JUBA - South Sudan rebel chief Riek Machar on Tuesday promised to attend peace talks to end a brutal civil war in the world's newest nation as the US unveiled its first sanctions in response to the "unthinkable violence".
Washington's sanctions targeted one military leader from each side in the nearly five-month conflict that has continued to rage in defiance of international pressure and despite dire warnings of genocide and famine.
The two men were "responsible for perpetrating unthinkable violence against civilians," said US Secretary of State John Kerry.
The move against Marial Chanuong, also known as Marial Chinoum, a commander of the South Sudanese presidential forces, and Peter Gadet, a leader of the anti-government rebels, comes in the wake of a visit by Kerry to Juba last week where he called on both sides to lay down their arms.
Tuesday saw the arrival of UN Secretary General Ban Ki-moon in the South Sudan capital.
"The conflict destroying this fragile young country is senseless," Ban said, warning that if fighting continues one million people could soon face famine.
He confirmed that rebel leader Machar, a former vice president, "will be present" at peace negotiations in the Ethiopian capital.
During his visit, Kerry had extracted promises from President Salva Kiir that he would meet his nemesis for face-to-face talks.
Both sides have been accused of widespread ethnic massacres, rape and recruitment of thousands of child soldiers. Fierce fighting continues for control of a key oil town in the north of the country.
"What I have seen and heard today breaks my heart and enrages my soul," Ban told reporters, as he wrapped up his one-day visit, where he met Kiir as well as some of the tens of thousands sheltering inside hugely overcrowded fortified UN peacekeeper bases.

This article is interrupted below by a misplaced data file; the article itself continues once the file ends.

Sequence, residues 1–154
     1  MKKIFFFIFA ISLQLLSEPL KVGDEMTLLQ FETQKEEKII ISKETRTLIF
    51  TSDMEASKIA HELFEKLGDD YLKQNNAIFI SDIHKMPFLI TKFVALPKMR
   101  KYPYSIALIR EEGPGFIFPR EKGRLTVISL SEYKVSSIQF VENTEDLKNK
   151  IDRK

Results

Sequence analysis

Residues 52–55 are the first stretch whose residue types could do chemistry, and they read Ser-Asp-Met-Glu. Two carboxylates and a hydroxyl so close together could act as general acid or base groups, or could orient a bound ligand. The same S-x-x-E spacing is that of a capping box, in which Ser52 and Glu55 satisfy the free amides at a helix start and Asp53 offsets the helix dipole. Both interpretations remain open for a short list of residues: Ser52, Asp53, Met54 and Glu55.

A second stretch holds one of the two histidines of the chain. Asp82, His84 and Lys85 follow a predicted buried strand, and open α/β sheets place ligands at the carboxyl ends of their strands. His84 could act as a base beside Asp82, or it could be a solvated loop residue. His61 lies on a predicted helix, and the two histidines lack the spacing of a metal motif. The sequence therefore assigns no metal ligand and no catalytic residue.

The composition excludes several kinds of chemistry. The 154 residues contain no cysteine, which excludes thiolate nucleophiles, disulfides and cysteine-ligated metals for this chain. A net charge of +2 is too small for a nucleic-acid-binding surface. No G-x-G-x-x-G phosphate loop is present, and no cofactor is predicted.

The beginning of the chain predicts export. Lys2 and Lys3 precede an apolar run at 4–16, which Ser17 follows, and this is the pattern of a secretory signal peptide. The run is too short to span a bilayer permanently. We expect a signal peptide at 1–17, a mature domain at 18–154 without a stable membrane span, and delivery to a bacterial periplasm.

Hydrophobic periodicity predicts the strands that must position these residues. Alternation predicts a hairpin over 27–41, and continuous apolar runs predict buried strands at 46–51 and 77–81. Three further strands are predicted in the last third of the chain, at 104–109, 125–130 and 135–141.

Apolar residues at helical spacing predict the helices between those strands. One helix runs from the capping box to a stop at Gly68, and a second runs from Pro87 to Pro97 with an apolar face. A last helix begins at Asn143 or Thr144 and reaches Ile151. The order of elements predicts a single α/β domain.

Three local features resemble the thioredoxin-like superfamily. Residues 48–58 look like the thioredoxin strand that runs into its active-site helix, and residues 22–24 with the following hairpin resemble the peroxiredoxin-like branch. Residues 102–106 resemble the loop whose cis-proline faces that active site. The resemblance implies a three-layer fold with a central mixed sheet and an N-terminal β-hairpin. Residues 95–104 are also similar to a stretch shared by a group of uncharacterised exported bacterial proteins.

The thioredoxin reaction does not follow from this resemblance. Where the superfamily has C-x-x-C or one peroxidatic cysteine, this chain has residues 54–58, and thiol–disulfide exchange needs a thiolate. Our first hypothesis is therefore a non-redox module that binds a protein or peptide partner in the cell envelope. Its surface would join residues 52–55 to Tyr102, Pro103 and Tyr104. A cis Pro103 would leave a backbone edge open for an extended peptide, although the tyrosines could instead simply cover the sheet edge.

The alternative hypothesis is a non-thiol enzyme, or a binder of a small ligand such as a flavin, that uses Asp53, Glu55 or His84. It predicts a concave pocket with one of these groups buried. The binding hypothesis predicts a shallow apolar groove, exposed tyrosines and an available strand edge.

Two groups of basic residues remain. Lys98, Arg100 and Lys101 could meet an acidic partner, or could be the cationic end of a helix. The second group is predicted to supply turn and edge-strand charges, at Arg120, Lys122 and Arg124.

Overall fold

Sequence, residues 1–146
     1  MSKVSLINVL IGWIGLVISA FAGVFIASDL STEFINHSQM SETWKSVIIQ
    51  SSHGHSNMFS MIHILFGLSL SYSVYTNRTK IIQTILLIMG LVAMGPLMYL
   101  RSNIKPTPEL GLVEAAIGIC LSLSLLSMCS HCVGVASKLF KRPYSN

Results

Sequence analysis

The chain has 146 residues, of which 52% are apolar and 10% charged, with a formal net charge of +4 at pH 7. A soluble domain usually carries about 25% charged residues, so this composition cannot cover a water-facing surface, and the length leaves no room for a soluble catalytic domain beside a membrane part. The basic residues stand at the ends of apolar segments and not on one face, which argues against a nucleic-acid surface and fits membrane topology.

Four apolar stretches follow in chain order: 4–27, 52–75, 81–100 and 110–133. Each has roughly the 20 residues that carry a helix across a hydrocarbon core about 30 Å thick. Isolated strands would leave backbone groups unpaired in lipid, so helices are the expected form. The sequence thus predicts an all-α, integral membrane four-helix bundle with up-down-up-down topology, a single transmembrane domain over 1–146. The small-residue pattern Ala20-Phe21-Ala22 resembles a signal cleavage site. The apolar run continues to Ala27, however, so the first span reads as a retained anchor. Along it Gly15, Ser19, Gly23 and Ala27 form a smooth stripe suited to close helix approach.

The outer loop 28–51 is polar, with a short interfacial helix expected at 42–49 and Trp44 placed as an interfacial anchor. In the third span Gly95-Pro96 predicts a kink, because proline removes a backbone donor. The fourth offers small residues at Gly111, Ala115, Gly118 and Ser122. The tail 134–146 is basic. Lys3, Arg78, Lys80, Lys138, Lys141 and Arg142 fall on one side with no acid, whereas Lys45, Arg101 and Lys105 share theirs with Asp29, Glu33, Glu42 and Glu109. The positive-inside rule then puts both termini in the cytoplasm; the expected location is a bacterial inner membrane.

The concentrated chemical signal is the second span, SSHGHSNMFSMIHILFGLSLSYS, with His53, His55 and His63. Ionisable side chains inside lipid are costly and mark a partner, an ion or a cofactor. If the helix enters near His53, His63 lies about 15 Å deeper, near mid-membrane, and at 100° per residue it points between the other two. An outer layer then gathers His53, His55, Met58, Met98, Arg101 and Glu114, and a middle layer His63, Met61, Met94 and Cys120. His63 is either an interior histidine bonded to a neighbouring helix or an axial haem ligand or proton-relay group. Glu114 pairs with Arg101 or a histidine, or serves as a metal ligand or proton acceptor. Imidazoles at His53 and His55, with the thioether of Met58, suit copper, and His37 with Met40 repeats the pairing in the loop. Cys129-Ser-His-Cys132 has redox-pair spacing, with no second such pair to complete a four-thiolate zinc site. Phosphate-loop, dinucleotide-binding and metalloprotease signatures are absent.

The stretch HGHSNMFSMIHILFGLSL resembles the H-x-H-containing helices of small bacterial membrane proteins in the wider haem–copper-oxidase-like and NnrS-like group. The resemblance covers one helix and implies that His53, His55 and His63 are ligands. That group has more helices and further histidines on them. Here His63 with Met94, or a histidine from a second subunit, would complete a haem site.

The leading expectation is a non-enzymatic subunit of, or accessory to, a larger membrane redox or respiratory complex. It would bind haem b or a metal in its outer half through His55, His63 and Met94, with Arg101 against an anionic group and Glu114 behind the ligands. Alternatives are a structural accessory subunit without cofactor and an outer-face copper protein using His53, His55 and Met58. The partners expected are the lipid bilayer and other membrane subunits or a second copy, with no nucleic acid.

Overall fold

They are too frightened of attacks to leave the protection of the peacekeepers, even though the camps themselves have come under attack and conditions are dire with flooding and little shelter from alternating baking heat and torrential rains.
- 'Senseless' war rages -
Ban said the meeting between Kiir and Machar had been tentatively scheduled for Friday, although the date may be pushed back as Machar has said it will take time for him to travel to the venue.
Despite US warnings of sanctions if fighting continued, the government has pushed forward a major offensive to claw back towns from the rebels, capturing a opposition stronghold and forcing Machar to flee into the bush.
"Leaders must close the wound they have opened, they must support justice and accountability for crimes committed, and they must address the root causes of the conflict," Ban added.
Ban last visited South Sudan amid euphoric celebrations at its independence from Sudan in July 2011, after it voted to split away following decades of war with Khartoum.
But as he arrived Tuesday, battles raged around the dusty northern town of Bentiu, ramshackle capital of the oil-producing Unity state, four days after government troops moved to wrest back control.
Defence Minister Kuol Manyang told AFP government troops were in control of the town centre, but that heavy fighting was ongoing in surrounding villages.
Forces include both mutinous troops as well as ragtag forces, including a fearsome militia called the White Army, after the ash they daub on their bodies, both to ward off mosquitoes and as war paint.
The war has claimed thousands -- and possibly tens of thousands -- of lives, with over 1.2 million people forced to flee their homes.
Almost five million people are in need of aid, according to the UN.
A January ceasefire was never enforced. Stop-start peace talks in Ethiopia have yet to forge agreement on even the basic agenda.
Aid agencies are warning that South Sudan is now on the brink of Africa's worst famine since the 1980s, while both Kerry and the UN human rights chiefs have spoken out over their fears that the country could slide towards a genocide.
Although starting as a personal rivalry between Kiir and Machar, the conflict has seen armies divide along ethnic lines and fighting pitting members of Kiir's Dinka tribe against Machar's Nuer.
The conflict erupted on December 15 with Kiir accusing Machar of attempting a coup. Machar then fled to the bush to launch a rebellion, insisting that the president had attempted to carry out a bloody purge of his rivals.
South Sudan rebel chief promises to end war